Menu Close

Don Alfonso 1890: European Michelin-Star dining in Old Town Toronto

Michelin Chefs Alfonso and Ernesto Iaccarino together with Liberty Entertainment Group bring Michelin-Star dining to a country with no Michelin Stars.

I wake up the morning of my long-haul flight from Sydney to Toronto and feel the imminent doom approach: a swollen throat, I can barely swallow, and my head feels like it’s about to explode.

It gets progressively worse throughout my 24-hour voyage, but I’m on my way to taste the culinary masterpieces of world-renowned Michelin Star Chefs Alfonso and Ernesto Iaccarino, at Don Alfonso 1890.

Nothing – not even the flu – can stop me from experiencing one of Toronto’s best new restaurants.

Toronto is one of the most cosmopolitan cities in the world. There is no lack of options when it comes to food, with more than 50% of its habitants being foreign-born, you can count on eating your way around the world. There are endless amounts of authentic cuisines at your fingertips.

One thing it is lacking, however, is Michelin-Star restaurants. It’s not because they aren’t worthy, believe you me the city offers some of the best food in the world.

Instead, the Michelin Guide has never entered Canada’s shores. No-one seems to honestly know why, but everyone makes guesses: a small market, lack of interest or advertising.

Whatever the reason, restaurateur and Liberty Entertainment Group owner Nick Di Donato believed Canada deserved a Michelin-Star restaurant or, at least, more Michelin-Star chefs.

In partnership with Chefs Alfonso and Ernesto, Nick established Don Alfonso 1890’s first North American location. Showcasing flavours of the Amalfi Coast, Italy in a space designed to evoke “elegance and sophistication”, every part of the experience is a work of art.

I enter the building in historic Old Town Toronto, the first of Toronto’s named neighbourhoods. Marble flooring, tall white pillars, and a glimpse of the upstairs mezzanine tell me this restaurant was designed to impress.

I’m led by a welcoming host past a wine cellar and open kitchen to the restaurant’s dining room; a grand white-and-gold space with high ceilings featuring contemporary art sculptures, including ‘Crane’ by renowned artist Philippe Pasqua.

There’s an abundance of wine on the menu – more than 650 bottles in the wine cellar – and eccentric cocktails like an Aperol Bubbletea Spritz or The Modern Martini Pairing, which comes with caviar, but I opt for a classic, the Margarita. It’s delicious.

A white Umbrian truffle risotto: rich, creamy and delightful. It’s perfect.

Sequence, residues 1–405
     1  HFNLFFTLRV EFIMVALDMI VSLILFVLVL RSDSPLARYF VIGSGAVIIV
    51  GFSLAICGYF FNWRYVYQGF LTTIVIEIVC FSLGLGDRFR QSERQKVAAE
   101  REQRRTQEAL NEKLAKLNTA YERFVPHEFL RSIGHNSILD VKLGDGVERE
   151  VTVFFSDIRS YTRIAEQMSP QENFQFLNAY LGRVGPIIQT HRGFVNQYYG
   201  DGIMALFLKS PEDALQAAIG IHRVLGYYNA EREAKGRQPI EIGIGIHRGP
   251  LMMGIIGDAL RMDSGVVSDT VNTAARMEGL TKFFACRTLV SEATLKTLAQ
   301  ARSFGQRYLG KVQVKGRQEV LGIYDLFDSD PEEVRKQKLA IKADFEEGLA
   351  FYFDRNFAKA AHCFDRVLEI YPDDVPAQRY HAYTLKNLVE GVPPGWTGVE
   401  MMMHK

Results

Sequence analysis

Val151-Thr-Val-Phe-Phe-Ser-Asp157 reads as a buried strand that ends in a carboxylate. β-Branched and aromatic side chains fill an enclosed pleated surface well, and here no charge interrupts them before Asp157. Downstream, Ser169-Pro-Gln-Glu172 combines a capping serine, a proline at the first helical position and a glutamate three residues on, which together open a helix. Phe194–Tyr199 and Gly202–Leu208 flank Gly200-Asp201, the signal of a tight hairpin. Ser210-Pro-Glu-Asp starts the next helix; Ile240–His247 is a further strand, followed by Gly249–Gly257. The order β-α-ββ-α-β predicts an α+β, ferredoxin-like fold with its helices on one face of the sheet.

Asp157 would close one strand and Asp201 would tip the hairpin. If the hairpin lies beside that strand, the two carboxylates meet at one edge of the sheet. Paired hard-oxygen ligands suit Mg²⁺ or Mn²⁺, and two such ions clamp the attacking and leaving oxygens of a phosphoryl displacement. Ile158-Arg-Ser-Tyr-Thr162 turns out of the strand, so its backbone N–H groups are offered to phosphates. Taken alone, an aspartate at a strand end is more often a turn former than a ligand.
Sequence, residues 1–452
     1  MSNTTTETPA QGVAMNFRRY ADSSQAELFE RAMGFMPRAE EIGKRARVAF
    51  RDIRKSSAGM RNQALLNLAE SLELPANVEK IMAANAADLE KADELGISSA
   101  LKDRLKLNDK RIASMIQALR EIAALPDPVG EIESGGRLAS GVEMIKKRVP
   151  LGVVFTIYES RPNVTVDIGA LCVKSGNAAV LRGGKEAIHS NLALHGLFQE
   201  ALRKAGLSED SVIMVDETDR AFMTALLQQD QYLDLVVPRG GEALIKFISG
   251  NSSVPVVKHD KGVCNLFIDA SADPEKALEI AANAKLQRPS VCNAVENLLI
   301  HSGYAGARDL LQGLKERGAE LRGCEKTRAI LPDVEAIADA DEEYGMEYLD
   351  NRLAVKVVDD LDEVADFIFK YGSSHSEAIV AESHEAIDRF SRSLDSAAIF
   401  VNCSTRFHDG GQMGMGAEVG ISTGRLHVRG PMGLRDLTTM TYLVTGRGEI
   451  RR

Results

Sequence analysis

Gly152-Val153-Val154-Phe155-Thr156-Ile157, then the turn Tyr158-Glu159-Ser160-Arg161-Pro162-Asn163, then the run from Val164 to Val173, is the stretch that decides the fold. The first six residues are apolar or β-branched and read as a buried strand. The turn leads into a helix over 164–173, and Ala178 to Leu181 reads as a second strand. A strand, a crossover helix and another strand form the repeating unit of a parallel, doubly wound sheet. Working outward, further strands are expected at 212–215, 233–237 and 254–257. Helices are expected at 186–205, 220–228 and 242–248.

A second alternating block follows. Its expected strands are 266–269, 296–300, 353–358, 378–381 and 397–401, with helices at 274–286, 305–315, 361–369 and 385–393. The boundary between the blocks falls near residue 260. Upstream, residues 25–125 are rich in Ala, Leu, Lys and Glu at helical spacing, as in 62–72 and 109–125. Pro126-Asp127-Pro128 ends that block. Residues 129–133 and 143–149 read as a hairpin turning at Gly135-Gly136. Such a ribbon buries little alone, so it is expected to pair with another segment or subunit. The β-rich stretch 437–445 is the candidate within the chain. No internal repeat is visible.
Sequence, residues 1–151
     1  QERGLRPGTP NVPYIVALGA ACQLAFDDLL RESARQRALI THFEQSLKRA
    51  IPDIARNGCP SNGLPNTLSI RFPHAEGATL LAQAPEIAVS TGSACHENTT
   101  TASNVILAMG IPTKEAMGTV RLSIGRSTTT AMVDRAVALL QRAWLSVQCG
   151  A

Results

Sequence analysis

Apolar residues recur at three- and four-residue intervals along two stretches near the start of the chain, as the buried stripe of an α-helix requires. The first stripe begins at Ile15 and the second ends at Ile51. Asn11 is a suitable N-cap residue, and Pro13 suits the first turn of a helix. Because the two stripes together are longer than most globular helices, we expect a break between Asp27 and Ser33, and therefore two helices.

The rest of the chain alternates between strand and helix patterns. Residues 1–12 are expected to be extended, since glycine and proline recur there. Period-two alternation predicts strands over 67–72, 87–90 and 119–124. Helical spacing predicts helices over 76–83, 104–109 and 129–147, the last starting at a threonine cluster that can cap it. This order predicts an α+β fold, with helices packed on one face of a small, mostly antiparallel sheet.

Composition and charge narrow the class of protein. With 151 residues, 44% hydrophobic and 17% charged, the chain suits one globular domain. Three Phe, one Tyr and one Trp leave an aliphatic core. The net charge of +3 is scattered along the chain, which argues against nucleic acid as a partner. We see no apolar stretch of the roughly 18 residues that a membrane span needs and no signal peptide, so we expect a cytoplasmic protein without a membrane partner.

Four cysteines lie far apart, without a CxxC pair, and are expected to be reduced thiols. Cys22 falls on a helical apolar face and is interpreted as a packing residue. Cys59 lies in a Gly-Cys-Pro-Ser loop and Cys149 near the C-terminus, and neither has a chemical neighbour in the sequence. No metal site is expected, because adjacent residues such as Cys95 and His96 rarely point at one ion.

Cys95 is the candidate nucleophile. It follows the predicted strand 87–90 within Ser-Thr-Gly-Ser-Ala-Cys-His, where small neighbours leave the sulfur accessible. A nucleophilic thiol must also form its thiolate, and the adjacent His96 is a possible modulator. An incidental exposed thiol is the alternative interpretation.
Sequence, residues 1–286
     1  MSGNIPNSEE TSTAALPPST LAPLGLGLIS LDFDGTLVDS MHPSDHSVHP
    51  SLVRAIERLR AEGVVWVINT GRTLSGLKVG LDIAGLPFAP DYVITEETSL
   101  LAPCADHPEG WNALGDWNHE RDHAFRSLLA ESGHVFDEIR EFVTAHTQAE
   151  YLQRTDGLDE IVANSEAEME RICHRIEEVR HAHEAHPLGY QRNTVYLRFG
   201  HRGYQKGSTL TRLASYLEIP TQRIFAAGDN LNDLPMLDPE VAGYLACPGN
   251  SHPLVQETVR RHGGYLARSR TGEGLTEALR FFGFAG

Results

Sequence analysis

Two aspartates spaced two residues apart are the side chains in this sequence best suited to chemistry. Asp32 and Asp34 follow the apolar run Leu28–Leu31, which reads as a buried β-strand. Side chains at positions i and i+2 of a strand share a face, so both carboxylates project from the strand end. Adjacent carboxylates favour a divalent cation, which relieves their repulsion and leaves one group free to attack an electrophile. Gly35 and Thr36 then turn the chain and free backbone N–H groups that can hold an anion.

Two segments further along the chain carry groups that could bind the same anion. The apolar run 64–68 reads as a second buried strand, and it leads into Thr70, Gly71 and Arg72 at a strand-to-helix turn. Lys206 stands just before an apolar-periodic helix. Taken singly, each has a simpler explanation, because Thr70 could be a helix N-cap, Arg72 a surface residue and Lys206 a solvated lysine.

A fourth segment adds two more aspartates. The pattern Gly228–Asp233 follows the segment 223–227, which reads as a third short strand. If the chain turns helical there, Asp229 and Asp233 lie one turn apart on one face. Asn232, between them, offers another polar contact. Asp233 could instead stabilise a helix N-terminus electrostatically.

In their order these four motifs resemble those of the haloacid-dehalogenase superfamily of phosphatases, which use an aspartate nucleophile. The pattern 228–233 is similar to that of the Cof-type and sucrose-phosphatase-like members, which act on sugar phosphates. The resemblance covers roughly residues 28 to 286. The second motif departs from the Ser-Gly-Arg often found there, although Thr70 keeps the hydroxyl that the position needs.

The restaurant offers two C$150 eight-course set menus: a Classic Menu and the meatless Contemporary Menu. Though I’m not a vegetarian, the latter looks so appealing that I decide to try it.

The dinner launches with a selection of freshly baked rolls complete with rosemary-infused olive oil. I tell myself not to eat too many because I know there are plenty more courses to come. It’s hard to hold back; they’re warm and moreish.

The first course is a selection of canapés, each depicting something from nature. There’s a carrot tartare on a parolee crisp, a vegetable coal crisp with sea asparagus, purple potato on a turmeric crisp and my favourite, fava bean on a cheesy pecorino chilli crisp. The crisps are the colour of fallen leaves set on a white ceramic log plate and one taste is enough to warm up the palate, subtle yet significant.

Everything on the menu features a Canadian twist. It uses local produce and concepts to complement its Italian origin.

Next comes the Chef Selected Organic Seasonal Vegetables, resembling mini sculptures bursting with flavour. Pieces of squash, pumpkin, cauliflower, beetroot and chives work together to represent the earth, wind and snow. Horseradish-flavoured ice cream is the cherry on top that brings the whole plate together.

The third course, Rendition of Traditional Baked Egg, consisting of slow-cooked egg yolk surrounded by a unique combination of fluffy burrata foam, baby French greens, topped with black truffle caviar and fleur de sel.

I can’t call what I just experienced simply a meal; it’s an oeuvre. And it’s about time Canada experiences this level of culinary art.

I’m particularly excited by the next dish they bring me, courtesy of the chef. It’s a white Umbrian truffle risotto: rich, creamy and delightful. It’s perfect.

Each dish I experience at Don Alfonso 1890 is imaginative and no opportunity for creativity is over-looked. Post-risotto comes a cloud of bread that, once cut by the server, reveals a bed of organic black oyster mushrooms in potato and garlic broth.

My sickness is starting to creep over me again, but I can’t resist trying the delectable Ravioli Del Plin with Provolone del Monaco dotted with vegetable coals onion sauce of Montoro, and celeriac and saffron emulsion.

With apprehension, I tell my server – a charming man who doesn’t miss a beat – that I’m not feeling well, and he is completely understanding. The dinner doesn’t usually end here, and I wish it could continue, but he cuts it short for my sake and brings out the pièce de résistance: Chef Selection of House Made Petit Fours.

The variety of desserts comes out on a sea of fog (dry ice), and I’ve never been so mesmerised by mini sweets. It’s an exquisite end to a sensational meal.

Although, I can’t call what I just experienced simply a meal; it’s an oeuvre. And it’s about time Canada experiences this level of culinary art.

Leave a Reply